The resistance to insist on the American way, for no other reason than it is ours and that this is reason enough, has resulted in the Right’s effectual acceptance of the Left’s constantly moving goalposts of woke sensibility. In other words, conservatism gave up on culture. So afraid was the Right of charges of identity-based discrimination that they gradually ceded the whole symbolic, moral, and linguistic ground to the Left, relegating themselves to the “objective” realms of economy and war.
This, ultimately, is why Huntington remains notable—and controversial: he tried to reground conservatism in creed and culture, believing this revival might serve as a last bulwark against the deconstruction of American identity.
But conservative pundits continued to emphasize disembodied principles. They delayed action. They forwent dignity for the libertine. And as nascent clown world found no substantial pushback from their supposed enemies, it metastasized into a public dogma—an evisceration and replacement of both American culture and creed.
“Conservatives” allowed themselves to be forced to compete in the realm of performative wokeness where radical and bloodthirsty leftists set the narrative. Stupidly, the cheap Right still folds in behind the progressive vanguard with every new project, attempting to convince Leftist-created voting blocs that “we” are the true torchbearers of liberality. Capitalism crushed the patriarchy! The GOP is actually the party of immigration! Conservatives are the real liberals!
No more. The (“small”-r) republican task should no longer be played as a game of liberal one-upmanship with progressives. What we now face is a culture and a creed subverted beyond recognition. Treating any of its distorted major features as something to be conserved would be like applying makeup to a rotting corpse.
It is interesting to analyze why liberalism failed, or why multiculturalism is a bankrupt philosophy, but there comes a point at which a good diagnosis must be met with a good prescription. Allow me, just now old enough to apprehend the freak show for what it is, to put something radical to my conservative forbearers: Little about the present state of American life is worth conserving. Nothing of what the Founders envisioned remains.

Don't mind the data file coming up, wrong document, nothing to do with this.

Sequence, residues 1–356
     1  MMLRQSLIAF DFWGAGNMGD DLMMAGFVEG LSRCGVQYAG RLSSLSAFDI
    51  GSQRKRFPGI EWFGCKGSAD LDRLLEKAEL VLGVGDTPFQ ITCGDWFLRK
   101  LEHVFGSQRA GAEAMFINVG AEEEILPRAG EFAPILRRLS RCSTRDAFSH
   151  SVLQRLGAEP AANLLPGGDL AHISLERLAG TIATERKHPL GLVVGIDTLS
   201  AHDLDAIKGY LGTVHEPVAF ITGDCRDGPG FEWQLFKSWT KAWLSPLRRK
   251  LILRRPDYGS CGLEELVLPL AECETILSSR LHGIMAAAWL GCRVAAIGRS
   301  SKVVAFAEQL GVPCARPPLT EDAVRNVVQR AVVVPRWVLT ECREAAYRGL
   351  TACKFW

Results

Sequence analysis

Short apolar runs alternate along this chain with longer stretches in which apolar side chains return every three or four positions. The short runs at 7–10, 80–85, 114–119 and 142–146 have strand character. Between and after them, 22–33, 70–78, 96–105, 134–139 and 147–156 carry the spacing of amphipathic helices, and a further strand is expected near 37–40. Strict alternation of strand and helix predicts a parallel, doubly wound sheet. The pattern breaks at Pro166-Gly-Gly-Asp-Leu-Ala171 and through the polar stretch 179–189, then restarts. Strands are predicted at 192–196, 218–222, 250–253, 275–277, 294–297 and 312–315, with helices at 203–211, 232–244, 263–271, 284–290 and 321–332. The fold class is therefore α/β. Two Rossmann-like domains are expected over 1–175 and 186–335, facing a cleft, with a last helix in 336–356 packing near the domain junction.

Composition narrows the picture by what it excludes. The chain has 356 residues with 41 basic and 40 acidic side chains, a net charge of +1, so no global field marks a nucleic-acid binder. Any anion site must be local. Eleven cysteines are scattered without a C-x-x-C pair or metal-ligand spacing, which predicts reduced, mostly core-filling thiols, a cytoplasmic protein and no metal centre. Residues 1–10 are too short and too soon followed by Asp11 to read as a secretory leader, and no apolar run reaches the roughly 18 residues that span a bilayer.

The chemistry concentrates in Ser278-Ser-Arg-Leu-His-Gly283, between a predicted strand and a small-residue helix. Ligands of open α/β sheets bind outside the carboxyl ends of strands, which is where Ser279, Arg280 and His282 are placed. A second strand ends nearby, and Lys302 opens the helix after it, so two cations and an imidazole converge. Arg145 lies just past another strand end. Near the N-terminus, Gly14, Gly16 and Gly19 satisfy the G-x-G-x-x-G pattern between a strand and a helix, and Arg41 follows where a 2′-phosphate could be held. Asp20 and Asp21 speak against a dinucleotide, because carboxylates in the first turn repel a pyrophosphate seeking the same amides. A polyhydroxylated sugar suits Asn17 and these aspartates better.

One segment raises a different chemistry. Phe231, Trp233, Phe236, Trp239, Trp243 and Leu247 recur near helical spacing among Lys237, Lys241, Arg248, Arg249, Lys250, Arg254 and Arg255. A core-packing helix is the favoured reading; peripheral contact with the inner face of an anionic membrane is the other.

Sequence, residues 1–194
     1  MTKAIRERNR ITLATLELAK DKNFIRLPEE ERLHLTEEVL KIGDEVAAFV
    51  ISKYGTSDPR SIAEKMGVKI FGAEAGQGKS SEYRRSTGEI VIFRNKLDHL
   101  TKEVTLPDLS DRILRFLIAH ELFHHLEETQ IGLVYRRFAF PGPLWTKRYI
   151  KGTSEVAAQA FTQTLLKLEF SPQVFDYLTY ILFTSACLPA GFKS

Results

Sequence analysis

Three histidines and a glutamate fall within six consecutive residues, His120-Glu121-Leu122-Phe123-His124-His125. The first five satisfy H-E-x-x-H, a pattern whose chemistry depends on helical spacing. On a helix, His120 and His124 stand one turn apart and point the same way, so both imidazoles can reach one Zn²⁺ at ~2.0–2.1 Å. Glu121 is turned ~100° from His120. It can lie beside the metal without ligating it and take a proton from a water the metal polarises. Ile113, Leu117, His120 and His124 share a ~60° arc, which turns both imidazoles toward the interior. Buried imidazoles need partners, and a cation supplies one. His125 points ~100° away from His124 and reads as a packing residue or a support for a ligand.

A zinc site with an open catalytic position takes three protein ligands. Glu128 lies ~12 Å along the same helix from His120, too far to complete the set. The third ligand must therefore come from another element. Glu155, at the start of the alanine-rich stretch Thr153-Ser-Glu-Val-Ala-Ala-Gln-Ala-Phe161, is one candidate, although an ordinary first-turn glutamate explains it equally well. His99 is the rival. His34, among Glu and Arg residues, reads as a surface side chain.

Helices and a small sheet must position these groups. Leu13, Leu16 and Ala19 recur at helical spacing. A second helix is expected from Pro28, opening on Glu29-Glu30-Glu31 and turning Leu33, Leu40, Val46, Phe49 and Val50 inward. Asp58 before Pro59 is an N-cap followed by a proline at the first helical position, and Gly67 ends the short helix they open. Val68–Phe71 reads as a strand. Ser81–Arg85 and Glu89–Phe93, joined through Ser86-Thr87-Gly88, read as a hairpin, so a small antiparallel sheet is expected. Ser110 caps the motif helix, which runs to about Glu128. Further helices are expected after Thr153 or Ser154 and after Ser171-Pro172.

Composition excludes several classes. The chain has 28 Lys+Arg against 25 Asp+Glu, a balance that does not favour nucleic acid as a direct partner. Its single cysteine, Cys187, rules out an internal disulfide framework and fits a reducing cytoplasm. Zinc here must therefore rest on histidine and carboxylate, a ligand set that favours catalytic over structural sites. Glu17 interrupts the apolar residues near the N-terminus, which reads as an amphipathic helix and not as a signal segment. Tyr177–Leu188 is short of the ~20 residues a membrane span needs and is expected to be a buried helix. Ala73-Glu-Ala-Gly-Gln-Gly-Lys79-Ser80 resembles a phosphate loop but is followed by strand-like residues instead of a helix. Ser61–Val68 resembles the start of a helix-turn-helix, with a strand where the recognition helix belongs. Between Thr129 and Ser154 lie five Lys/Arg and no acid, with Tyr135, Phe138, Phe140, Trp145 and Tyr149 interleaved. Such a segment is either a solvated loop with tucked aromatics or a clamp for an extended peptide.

The “republican task” can no longer be to speak sweetly of principles. The new “republican task” is to prioritize, unify, and galvanize the people who share a clear vision of the reality we now inhabit.
To adequately address this reality—to demolish the funhouse mirrors of clown world—will require radically rethinking the failed framework of policy on the Right. This will mean abandoning our timid relationship with state power for the time being. For years, we’ve been boxing with an MMA fighter. That is to say, we play by rules our opponent disregards. We play for points; they play for damage.
While we have state power, keeping in mind that the days when Republicans will still be able win an election are numbered, we must use it to regulate big Tech. While we’re at it, let’s enforce the obscenity laws already on the books (and pass others if need be to make pornography effectively illegal). How about we roll back no-fault divorce, and prosecute the likes of the Sackler family and other elites who manufactured the opioid crisis and otherwise prey upon the American people?
Culture warriors must realize the nation’s center of gravity is not liberalism itself; it is instead the families who are brought up to value it. Philosophy lives in the people. Good philosophy, or a true understanding of political principles and purpose, can only exist in a well-formed person.
If the Right continues to stand by in their characteristically spineless defensive position as those families in heartland America are used, abused, atomized, and demoralized by enemy forces foreign and domestic, nothing will be recovered in the short or long term.
Put simply, the way forward is to inspire and pave the path for young patriots to reconstitute a republic when the current clownish surveillance state inevitably falls apart. It is to gird their loins for the coming collapse; and, after so much ground has been so carelessly given up, to gain a mild advantage—no matter the cost. Conservatives must realize that in terms of creed and culture, we are past the point of no return. For ourselves and our posterity, it’s time for an offensive strategy.